We're all used to seeing our favorite driver either in or around his car, and we're used to seeing the haulers that transport them from venue to venue.
What most people never get to see, or see only very infrequently, are the true workhorse vehicles of a NASCAR event weekend.
Of course, I'm talking about the golf carts and the driver motorhomes.
You'll never see one of these make a lap around the track, but without them, each race weekend would be far more difficult for the drivers, for their teams, for the media, for the track personnel, and for various vendors and VIPs.
While covering the Pepsi 500 weekend at the Auto Club Speedway earlier this month, I was fortunate enough to get a look at the driver and owner motorhome lot as well as the carts parked in and around it.
With a little help from some friends (and some pretty big clues outside), I was able to figure out who owned a few of the motorhomes.
Figuring out which cart belonged to which team, driver, or vendor was a much easier task, although oftentimes the drivers used different carts than those shown here.
With all the running around that the tire specialists and handlers from Goodyear have to do each weekend, life without this cart would probably be impossible in this day and age.
Although not a cart I imagine too many people ride in, a few of these carts could be seen darting about the premises making last-minute deliveries to those at the track.
One of many six-seaters, this No. 88 National Guard Cart sat guard between the motorhome lot and the rear garage entrance.
In the line of cars between the driver/owner motorhome lot, and the garage back entrance, sat two carts from Richard Petty Motorsports.
I'm guessing that being a passenger in the front seat in one of these is quite a different experience than being in the passenger seat of one of the Richard Petty Experience stock cars, circling the track at 165 mph.
Although, the way some of these carts speed around behind the scenes, getting drivers and others from here to way over there, can be somewhat exhilarating, I'm sure.
Although Reed Sorenson's No. 43 Dodge was only sponsored by the Air Force for two races and the Pepsi 500 was not one of them, the cart was still there and in use.
I'm assuming it was used for the driver and/or team members, although, I wouldn't be surprised if there were some active-duty personnel using the cart at times during the weekend.
Along with the others lined up at the back of the garage sat this cart with the Discount Tire sponsor logo for David Ragan's No. 6 Nationwide Series car.
Although I could not confirm that this was in fact Robby Gordon's cart, I find it hard to imagine who else's it might be.
It was definitely unique amongst the golf carts.
Again, I never saw Mark Martin actually sitting in the back of this cart, but it was parked beside what I was told was his motorhome and the No. 5 and sponsor paint job give clues as to which team it belongs to at the very least.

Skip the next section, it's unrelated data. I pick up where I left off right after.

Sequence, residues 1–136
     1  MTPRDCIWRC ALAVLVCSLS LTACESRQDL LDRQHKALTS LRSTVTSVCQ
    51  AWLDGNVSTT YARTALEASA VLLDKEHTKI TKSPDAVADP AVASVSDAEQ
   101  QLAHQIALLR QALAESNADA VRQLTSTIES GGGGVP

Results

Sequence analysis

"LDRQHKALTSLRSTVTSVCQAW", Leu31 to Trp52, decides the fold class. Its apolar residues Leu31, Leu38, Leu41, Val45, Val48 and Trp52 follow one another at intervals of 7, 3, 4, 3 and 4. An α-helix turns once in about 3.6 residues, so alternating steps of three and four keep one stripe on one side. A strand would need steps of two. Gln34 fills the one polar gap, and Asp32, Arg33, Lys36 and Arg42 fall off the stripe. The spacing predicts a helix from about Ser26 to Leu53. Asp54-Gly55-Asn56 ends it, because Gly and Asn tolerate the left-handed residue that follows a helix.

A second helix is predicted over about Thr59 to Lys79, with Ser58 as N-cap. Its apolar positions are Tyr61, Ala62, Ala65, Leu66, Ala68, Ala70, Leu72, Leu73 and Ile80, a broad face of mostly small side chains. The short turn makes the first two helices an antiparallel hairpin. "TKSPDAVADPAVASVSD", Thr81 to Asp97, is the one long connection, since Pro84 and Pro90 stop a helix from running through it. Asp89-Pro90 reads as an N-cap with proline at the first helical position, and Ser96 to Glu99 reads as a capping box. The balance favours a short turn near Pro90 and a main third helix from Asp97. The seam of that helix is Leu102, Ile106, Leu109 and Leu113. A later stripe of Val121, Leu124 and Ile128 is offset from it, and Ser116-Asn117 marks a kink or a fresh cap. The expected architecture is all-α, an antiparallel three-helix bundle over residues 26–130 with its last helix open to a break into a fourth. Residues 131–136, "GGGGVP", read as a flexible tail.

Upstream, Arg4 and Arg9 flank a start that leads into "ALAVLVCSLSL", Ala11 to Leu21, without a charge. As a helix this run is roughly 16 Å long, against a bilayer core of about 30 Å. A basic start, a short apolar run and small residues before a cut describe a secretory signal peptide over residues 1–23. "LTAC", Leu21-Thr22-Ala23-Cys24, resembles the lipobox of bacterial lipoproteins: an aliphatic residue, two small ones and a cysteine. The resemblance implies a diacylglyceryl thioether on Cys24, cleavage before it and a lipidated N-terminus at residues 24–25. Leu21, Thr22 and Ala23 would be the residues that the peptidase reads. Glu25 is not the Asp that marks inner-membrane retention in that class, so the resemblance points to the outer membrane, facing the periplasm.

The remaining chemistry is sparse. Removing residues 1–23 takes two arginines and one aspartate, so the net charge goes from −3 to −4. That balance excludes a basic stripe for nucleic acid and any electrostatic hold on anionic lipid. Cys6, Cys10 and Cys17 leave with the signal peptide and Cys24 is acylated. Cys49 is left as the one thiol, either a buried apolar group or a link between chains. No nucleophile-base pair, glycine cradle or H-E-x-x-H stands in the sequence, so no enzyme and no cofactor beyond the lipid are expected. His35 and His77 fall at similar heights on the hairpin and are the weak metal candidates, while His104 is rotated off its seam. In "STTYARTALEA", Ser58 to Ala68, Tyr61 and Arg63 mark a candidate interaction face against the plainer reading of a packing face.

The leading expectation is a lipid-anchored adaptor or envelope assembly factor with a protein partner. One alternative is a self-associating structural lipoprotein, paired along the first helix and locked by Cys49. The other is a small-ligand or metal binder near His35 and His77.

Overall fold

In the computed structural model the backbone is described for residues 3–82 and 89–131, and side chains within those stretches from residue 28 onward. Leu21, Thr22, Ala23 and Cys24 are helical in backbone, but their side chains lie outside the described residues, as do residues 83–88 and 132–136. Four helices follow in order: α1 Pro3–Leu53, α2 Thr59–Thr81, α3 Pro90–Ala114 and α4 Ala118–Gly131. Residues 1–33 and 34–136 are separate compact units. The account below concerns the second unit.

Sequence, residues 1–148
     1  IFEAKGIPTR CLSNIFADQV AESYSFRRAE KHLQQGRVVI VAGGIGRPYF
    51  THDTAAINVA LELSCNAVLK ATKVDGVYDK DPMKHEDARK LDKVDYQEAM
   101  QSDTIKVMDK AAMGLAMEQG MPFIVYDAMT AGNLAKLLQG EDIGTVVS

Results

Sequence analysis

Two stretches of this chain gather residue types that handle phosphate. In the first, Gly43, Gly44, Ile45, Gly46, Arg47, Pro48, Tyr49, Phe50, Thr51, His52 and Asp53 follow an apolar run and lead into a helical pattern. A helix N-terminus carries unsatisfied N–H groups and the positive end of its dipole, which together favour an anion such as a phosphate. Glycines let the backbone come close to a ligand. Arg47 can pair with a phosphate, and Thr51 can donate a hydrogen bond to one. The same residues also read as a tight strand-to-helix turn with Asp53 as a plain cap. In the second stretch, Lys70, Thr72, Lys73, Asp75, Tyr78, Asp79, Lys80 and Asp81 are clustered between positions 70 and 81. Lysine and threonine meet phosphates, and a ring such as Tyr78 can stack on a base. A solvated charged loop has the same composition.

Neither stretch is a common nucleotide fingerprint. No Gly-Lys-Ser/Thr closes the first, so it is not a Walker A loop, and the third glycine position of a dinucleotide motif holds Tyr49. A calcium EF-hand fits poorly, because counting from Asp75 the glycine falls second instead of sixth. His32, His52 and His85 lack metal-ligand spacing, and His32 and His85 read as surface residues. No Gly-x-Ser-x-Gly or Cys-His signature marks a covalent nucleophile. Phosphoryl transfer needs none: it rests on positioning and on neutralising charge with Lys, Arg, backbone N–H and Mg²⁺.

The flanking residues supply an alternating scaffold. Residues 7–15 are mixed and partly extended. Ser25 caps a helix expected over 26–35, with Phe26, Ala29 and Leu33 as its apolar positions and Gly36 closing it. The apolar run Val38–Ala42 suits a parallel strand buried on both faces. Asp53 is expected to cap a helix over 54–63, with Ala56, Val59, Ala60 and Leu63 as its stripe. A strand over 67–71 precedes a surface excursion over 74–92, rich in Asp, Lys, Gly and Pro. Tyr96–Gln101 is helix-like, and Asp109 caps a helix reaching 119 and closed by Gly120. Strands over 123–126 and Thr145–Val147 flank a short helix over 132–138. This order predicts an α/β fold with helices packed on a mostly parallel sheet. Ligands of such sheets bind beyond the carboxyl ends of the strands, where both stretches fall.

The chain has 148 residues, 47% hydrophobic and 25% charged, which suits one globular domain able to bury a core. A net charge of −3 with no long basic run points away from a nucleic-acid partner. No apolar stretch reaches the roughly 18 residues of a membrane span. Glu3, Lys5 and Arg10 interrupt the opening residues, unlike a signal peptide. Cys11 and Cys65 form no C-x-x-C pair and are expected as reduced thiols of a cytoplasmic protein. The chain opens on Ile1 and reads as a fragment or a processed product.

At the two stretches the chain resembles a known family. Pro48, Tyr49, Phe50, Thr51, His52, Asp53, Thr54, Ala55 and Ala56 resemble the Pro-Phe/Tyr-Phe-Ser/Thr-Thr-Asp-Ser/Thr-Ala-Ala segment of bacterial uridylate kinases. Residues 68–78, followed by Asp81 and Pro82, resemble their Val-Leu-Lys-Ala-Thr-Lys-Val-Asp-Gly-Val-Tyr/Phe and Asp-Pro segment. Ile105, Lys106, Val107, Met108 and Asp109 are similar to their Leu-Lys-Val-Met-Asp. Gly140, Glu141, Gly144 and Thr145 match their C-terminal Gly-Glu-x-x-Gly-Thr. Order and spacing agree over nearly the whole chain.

Although I never personally saw Mark Martin go in or out of this motorhome, I was told it was his. And the cart sitting beside it here increases the evidence substantially.
Bearing flames matching those of the JR Motorsports logo, Dale Earnhardt Jr's motorhome was unique amongst most of the more traditionally painted motor homes.
Unlike the blatantly obvious No. 88 National Guard Stretch Cart, this cart was more simple, reflecting Junior's tastes by matching his specially painted motorhome.
I missed this completely the first time I passed it, and I was almost close enough to reach out and touch it. The airbrushed skull, crossbones, and flame were one awesome sight to behold...
I half-expected Ozzy Osbourne to pop out of some part of the motorhome, mumble something incoherently, then stumble back inside...
Not only were there incredible skulls airbrushed on the front and back of Dale Earnhardt Jr.'s trailer, but if you look closely inside the flames, you can see the detail continues there...
A number of clues (see other pictures) gave this away as Kyle Busch's motorhome.
Unfortunately, this weekend he spent more time inside the motorhome during practice and the races, than he did on the track due to illness.
The left side of Kyle Busch's motorhome, with an M&M's cart parked in front. The ladder up the back and platform on top allow a driver's friends and family a great view of the track from the inside.
All weekend long there were quite a few carts parked around Kyle Busch's motorhome.
There were these M&M's stretch carts, a couple of normal-size M&M-branded carts, and the one he actually was transported in.
A little more detail on one of Kyle Busch's stretch carts. In this it is possible to see the M&M's facial expressions, as is often possible on his racecars.
Not only are the motorhomes incredibly large (and I'm guessing quite plush inside), they also include the amenities of a home for those wanting to sit outside as well.
These chairs and the TV screen were setup a few hours before the race was to begin on Sunday.
Tucked away a little further from view was the cart I actually did see Kyle Busch ride in on one of his many trips back from the track to his motorhome after being relieved by another driver.
After giving up the seat in his car for the second race in two days due to illness, Kyle Busch and Samantha Sarcinella are whisked away from the pits/garage area back over to the motorhome park in the silver cart bearing the No. 18 with the blue flames...